This action, involving the adjudication of various claims to a historic shipwreck, requires us to address the interaction between the Eleventh Amendment and the in rem admiralty jurisdiction of the federal courts. Respondent Deep Sea Research, Inc. (DSR), located the ship, known as the S.S. Brother Jonathan, in California's territorial waters. When DSR turned to the federal courts for resolution of its claims to the vessel, California contended that the Eleventh Amendment precluded a federal court from considering DSR's claims in light of the State's asserted rights to the Brother Jonathan under federal and state law. We conclude that the Eleventh Amendment does not bar the jurisdiction of a federal court over an in rem admiralty action where the res is not within the State's possession.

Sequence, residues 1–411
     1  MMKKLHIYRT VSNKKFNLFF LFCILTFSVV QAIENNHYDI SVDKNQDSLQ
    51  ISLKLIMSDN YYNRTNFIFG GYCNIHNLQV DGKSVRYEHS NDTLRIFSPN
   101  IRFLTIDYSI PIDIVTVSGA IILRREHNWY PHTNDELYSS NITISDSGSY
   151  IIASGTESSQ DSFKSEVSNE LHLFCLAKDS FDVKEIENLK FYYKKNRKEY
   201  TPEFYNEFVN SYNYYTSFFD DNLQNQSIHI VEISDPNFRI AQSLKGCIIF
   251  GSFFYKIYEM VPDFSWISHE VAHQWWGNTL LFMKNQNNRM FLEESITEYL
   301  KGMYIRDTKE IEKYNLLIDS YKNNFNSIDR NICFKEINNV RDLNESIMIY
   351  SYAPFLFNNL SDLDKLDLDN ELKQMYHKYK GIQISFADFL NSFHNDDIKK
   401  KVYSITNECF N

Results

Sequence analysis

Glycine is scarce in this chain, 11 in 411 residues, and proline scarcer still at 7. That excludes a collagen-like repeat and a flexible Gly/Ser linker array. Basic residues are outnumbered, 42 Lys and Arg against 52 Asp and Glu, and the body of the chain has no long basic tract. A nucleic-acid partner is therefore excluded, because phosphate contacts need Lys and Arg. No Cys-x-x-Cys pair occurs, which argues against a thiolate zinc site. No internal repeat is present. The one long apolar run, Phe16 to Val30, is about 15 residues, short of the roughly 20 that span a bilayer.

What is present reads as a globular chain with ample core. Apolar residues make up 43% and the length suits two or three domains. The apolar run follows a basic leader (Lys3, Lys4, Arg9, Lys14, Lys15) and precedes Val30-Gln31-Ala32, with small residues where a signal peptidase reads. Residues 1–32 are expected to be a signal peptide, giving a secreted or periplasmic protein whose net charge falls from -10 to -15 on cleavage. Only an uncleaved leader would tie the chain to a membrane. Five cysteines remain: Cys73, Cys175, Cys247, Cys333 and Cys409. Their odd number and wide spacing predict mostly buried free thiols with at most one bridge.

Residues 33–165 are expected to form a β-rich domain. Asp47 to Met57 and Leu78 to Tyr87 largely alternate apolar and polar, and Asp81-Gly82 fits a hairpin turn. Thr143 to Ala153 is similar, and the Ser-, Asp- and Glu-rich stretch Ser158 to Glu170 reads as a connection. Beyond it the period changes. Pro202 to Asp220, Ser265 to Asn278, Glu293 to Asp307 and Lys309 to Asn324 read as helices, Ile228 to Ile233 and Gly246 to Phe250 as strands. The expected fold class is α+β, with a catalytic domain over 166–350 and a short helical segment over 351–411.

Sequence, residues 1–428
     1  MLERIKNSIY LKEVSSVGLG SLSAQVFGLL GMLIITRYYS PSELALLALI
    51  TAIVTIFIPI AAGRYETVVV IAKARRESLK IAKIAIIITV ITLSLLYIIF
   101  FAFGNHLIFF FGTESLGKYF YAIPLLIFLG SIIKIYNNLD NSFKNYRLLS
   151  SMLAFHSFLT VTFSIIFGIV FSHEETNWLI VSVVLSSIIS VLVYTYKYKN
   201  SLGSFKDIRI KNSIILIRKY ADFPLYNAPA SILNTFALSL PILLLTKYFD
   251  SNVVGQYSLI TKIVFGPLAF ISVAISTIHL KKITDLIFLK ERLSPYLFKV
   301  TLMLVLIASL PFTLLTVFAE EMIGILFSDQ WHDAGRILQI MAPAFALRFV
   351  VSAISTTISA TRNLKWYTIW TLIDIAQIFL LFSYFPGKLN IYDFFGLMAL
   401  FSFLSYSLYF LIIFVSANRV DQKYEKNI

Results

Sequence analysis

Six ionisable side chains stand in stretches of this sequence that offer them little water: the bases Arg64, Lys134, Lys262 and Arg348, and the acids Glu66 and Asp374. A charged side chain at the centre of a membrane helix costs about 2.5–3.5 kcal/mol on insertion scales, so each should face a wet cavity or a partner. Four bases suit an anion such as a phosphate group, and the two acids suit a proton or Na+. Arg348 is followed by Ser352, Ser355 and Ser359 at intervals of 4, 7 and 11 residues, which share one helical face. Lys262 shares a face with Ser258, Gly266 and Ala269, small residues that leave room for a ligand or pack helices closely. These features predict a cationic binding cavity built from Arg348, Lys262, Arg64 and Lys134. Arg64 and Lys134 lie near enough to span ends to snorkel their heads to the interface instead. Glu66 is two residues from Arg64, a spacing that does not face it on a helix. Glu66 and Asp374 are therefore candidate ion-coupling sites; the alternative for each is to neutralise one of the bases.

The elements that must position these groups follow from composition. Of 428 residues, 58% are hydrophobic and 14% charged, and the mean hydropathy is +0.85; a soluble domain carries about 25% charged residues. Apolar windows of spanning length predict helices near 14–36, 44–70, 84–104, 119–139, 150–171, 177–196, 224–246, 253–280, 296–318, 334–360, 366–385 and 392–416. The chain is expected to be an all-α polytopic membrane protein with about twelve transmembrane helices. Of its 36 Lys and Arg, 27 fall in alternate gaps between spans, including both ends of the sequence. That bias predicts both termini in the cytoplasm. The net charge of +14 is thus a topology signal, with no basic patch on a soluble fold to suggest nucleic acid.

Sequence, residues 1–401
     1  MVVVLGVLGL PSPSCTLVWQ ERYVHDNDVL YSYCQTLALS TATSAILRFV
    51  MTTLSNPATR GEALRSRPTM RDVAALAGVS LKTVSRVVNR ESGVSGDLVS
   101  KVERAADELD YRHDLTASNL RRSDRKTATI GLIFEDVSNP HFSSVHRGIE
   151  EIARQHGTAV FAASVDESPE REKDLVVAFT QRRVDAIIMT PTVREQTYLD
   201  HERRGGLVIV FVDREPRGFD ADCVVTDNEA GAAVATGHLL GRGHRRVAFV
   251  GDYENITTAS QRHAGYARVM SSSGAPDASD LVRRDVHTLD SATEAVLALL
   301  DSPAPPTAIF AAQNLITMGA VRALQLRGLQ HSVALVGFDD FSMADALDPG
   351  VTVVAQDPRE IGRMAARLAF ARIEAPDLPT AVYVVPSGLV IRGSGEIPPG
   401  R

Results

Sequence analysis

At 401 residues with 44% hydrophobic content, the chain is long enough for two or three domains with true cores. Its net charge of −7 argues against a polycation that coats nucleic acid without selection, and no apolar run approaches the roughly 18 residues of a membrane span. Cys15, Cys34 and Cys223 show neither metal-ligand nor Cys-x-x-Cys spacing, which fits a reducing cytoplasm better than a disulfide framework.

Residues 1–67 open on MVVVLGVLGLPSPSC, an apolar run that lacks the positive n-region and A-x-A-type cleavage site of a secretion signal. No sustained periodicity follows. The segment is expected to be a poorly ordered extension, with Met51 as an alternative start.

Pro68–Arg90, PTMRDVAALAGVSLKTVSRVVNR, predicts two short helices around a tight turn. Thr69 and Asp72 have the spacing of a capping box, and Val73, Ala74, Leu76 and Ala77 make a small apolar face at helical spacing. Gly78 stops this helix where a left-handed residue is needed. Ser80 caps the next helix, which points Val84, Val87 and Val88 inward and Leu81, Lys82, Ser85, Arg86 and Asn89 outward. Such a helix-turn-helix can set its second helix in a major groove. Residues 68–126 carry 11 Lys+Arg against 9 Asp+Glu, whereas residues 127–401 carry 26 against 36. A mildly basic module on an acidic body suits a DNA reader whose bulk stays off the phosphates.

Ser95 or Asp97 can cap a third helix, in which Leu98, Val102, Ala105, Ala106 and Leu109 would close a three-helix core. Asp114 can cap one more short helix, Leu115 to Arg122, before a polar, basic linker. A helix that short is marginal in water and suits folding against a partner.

The dispute before us arises out of respondent DSR's assertion of rights to both the vessel and cargo of the Brother Jonathan, a 220-foot, wooden-hulled, double side-wheeled steamship that struck a submerged rock in July 1865 during a voyage between San Francisco and Vancouver. It took less than an hour for the Brother Jonathan to sink, and most of the ship's passengers and crew perished. The ship's cargo, also lost in the accident, included a shipment of up to $2 million in gold and a United States Army payroll that some estimates place at $250,000. See Nolte, Shipwreck: Brother Jonathan Discovered, San Francisco Chronicle, Feb. 25, 1994, p. 1, reprinted in App. 127-131. One of few parts of the ship recovered was the wheel, which was later displayed in a saloon in Crescent City, California. R. Phelan, The Gold Chain 242 (1987).